Home Conservation News Chhattisgarh Elephant Crisis, Herd Enters Korba City

Chhattisgarh Elephant Crisis, Herd Enters Korba City

Chhattisgarh Elephant Crisis, Herd Enters Korba City

On December 26, 2018, the ongoing human-elephant conflict crisis in Chhattisgarh reached a boiling point when a herd of elephants entered Korba city.

Photo: Amit Kher

While the Korba Forest Division has seen elephant presence for the past 18 years, this is the first time that the animals entered the city. Their arrival preceded a scene of mayhem, with residents of Korba crowding the streets to get a glimpse of the herd of four. While three of the elephants remained close to the SECL Helipad, a tusker got separated from them. The confused animal ran down a crowded street causing panic.

The crowds hindered the work of the state police force and forest department, forcing the police to invoke Section 144 of the Criminal Procedure Code that prohibits the assembly of more than four persons in an area. Despite their warnings, a young boy approached the herd and was attacked. His life was saved by policeman Gledwin Kumar who rescued him and took him to a hospital. Because of the collapse in law and order, it took the two state departments 24 hours to direct the herd back into the forest.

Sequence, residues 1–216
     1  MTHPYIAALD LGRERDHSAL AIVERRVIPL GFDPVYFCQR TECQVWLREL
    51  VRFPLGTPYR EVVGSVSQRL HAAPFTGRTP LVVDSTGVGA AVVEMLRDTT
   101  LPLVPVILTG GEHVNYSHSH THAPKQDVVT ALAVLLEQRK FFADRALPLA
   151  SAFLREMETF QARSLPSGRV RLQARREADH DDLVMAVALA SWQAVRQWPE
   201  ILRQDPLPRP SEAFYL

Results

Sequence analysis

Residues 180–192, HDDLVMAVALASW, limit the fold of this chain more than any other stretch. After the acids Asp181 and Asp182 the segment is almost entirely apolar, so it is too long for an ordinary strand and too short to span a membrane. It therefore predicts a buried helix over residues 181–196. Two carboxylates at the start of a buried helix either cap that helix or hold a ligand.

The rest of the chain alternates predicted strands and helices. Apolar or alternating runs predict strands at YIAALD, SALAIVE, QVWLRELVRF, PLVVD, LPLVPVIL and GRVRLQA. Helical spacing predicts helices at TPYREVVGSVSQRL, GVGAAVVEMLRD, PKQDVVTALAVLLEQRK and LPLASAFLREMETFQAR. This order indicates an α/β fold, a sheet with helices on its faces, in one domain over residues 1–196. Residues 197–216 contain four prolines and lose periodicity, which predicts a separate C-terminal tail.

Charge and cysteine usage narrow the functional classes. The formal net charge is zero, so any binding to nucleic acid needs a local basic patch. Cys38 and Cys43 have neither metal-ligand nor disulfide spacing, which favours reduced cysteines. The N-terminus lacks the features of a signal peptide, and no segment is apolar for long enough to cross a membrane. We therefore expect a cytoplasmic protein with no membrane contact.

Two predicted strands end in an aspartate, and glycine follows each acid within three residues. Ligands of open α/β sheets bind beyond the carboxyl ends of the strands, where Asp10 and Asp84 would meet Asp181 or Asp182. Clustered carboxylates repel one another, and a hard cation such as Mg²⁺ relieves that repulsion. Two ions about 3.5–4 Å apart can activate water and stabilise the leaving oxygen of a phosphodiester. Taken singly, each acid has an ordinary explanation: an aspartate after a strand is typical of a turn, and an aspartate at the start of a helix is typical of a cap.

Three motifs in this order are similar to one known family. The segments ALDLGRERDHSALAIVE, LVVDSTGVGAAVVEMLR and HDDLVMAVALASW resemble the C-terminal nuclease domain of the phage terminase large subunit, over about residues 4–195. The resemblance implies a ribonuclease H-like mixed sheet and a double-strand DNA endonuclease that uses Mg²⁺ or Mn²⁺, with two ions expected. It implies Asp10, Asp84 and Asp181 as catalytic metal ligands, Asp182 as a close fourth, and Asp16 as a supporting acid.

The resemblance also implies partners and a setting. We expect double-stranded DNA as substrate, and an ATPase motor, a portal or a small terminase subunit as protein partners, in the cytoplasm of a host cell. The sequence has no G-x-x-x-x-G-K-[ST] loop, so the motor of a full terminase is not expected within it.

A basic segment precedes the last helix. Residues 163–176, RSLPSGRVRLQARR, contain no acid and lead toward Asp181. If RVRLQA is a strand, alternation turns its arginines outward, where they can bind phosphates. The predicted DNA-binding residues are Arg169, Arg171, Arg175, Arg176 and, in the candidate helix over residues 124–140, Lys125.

The Sanctuary Nature Foundation has been documenting the human-elephant conflict crisis in Chhattisgarh through activist Sajal Madhu, and lobbying the state and central government to enact interventions to stop further loss of life and property. "The reaction of the state police and forest department has been heroic. However, they are unequipped to handle a wildlife conflict of this scale. Dozens of humans and elephants have already died in Chhattisgarh, and urgent scientific interventions are required to mitigate the conflict. We have alerted Project Elephant, the Ministry of Environment, Forest and Climate Change, and the Chhattisgarh state government to the issue but their response has been inadequate," said Cara Tejpal, head of the Mud on Boots Project.

Sajal Madhu is a Project Leader under Sanctuary’s Mud on Boots Project, a booster programme designed to identify and empower grassroots conservationists in India.

     
     
     

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